Since I had been working in this industry for so long, and saw exactly which pain points clients had that virtually no one was quelling, I had a head start in some ways. One example is the decision I made to make my company completely technology-neutral, meaning that we will use any and all of the best possible technologies to complete projects rather than being tied to a single piece of software like so many of our competitors.

Because the industry has been evolving so quickly since even before I launched HAYSTACKID, being tied down to one piece of software and trying to fit that into every demand of a client will, almost by definition, never yield the best outcomes. I cannot say that is the only hole we filled in the market, but it was certainly an important one. As you identify and close more gaps in your target market, customers will increasingly come looking for you rather than the other way around.

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Photo courtesy of Mark Hunter

3. Be diligent with your hiring and staffing decisions

Although I was blessed to start my entrepreneurial career surrounded by the right people, I still had to learn plenty of lessons the hard way when it came to my staff. Especially when you are a small business owner, you need fighters with strong work ethic at every level. A few years into running a company, I found that every single hire can end up being a major make-or-break type of situation for the firm.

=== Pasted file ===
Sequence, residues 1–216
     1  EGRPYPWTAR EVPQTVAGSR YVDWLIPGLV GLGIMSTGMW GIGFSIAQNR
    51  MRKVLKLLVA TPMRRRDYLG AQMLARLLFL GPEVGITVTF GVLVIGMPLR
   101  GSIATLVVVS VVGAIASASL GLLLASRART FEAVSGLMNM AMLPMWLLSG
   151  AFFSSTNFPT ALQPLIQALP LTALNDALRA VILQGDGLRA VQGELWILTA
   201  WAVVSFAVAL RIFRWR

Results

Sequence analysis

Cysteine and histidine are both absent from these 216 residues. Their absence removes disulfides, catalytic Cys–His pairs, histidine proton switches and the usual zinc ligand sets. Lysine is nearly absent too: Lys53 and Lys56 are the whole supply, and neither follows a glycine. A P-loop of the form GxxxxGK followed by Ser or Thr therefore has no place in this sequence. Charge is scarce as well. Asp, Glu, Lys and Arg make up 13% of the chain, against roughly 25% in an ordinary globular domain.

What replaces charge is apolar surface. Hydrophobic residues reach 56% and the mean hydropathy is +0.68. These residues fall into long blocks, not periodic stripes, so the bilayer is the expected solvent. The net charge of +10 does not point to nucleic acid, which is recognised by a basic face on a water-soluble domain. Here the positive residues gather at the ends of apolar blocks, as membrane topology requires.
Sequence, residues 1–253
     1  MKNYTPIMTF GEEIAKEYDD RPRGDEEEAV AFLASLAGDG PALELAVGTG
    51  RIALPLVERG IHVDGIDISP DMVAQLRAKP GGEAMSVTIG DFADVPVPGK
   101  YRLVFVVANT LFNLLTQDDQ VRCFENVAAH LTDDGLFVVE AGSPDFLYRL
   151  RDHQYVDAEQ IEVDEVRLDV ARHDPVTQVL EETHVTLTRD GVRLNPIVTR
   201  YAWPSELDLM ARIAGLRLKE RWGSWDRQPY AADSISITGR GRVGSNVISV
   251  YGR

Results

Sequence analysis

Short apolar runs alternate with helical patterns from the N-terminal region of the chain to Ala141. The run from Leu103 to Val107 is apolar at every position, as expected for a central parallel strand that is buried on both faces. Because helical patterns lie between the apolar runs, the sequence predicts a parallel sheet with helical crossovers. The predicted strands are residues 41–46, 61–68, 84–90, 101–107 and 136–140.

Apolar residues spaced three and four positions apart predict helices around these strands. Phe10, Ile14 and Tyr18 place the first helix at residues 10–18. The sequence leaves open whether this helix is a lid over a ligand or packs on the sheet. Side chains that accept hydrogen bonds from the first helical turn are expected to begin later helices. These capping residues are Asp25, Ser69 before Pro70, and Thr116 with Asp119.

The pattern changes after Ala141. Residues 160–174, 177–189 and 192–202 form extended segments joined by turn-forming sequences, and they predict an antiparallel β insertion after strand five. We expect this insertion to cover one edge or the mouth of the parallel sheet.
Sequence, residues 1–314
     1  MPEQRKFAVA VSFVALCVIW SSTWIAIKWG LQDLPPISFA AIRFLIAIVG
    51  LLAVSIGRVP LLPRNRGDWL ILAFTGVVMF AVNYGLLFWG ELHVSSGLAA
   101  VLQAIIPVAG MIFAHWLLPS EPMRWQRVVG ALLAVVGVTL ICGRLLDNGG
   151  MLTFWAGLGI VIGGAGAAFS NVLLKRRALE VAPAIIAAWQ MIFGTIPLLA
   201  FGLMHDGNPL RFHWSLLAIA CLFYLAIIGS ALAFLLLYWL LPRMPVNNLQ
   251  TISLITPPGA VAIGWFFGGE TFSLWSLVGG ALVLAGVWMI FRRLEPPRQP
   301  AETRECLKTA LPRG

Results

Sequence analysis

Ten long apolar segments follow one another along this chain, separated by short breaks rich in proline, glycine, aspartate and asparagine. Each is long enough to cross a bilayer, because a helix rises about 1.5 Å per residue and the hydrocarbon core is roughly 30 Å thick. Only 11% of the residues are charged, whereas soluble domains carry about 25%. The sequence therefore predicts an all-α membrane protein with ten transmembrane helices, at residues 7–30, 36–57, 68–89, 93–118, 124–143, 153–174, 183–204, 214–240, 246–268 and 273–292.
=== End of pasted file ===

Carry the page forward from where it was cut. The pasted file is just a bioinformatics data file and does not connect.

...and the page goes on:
As my company grew, the staffing element became more challenging, but I made sure that each person being brought aboard had been vetted significantly beforehand. I also closely monitor all of my staff’s performances but am always more interested in work ethic and effort than any other qualities. Yes, you need highly skilled workers, but those who are motivated and exhibit a commitment to your company’s success as if it was their own will be more valuable than talented individuals who could not care less.

One thing that helps immensely in this department is having a strong foundation of managerial and executive staff from the start. Each hiring decision, notably in the early stages of your company’s launch, should be informed by your own opinions and insights, as well as those of the other leaders you trust the most. When you have people who will fight tooth-and-nail for your company’s success on a daily basis, you will inherently be a formidable force in your target market.